GPS's (and batteries) fail. And learning to read a map and use a compass builds good navigation habits, meaning you're less likely to get lost in the first place. Most important, though, exploring without a gadget makes you pay close attention—which is why you're out there in the first place.
1. Learn to read a topographic map. North is at the top, the scale is at the bottom, those squiggly lines represent 40-foot changes in elevation.
2. Orient your map so it points to magnetic north*—turn the housing until north is at the top, line up the north arrow with the red arrow graphic, and turn the map until it lines up with the edge of the compass.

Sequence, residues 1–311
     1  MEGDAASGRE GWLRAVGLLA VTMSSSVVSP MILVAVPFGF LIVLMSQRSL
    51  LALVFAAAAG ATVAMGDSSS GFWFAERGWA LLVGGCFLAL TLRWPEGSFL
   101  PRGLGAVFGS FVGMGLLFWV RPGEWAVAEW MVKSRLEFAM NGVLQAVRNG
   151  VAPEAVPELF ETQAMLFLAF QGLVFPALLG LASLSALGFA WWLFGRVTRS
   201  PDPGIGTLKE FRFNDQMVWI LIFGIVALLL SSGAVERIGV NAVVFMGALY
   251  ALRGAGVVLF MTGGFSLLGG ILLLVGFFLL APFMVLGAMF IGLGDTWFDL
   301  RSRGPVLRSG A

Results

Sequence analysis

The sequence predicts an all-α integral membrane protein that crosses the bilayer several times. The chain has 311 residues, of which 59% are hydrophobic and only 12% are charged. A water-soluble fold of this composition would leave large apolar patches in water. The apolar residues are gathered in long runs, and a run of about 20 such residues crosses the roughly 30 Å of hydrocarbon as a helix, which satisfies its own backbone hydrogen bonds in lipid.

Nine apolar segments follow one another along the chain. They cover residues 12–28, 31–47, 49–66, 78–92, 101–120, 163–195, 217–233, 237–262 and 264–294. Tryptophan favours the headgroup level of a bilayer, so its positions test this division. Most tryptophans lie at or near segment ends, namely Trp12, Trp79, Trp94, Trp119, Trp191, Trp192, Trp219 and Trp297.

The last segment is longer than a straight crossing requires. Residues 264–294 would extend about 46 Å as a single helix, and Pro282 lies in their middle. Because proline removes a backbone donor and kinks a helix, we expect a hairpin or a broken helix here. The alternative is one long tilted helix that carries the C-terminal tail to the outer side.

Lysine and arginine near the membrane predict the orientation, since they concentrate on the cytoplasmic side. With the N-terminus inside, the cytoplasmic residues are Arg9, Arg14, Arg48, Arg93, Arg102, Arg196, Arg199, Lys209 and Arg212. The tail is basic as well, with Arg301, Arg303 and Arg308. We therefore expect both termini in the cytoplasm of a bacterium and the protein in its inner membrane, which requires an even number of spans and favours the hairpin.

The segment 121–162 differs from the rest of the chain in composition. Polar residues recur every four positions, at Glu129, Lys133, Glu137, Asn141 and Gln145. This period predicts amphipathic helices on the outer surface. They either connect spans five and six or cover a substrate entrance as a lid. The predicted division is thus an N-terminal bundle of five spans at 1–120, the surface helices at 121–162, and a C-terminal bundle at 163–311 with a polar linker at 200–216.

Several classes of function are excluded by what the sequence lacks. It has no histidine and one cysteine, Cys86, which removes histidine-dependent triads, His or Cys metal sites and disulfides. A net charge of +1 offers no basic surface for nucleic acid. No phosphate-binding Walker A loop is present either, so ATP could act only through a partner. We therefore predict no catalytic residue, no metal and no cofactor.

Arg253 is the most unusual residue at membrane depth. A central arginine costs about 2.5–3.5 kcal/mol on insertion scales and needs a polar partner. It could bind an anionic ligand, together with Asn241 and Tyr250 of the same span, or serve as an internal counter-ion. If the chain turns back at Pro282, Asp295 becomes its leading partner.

3. Find an identifiable feature, like a mountain summit, and take a bearing on it: Point the compass's direction-of-travel arrow at it and turn the housing until the red arrows line up.
4. Set your compass down on the map so that the long edge touches the feature you can see.
5. Line up the red arrows again and draw a line on the map. Repeat this process with one or two more features in the distance. You're standing (roughly) where the lines intersect.
*Magnetic north drifts from true north, depending where you are.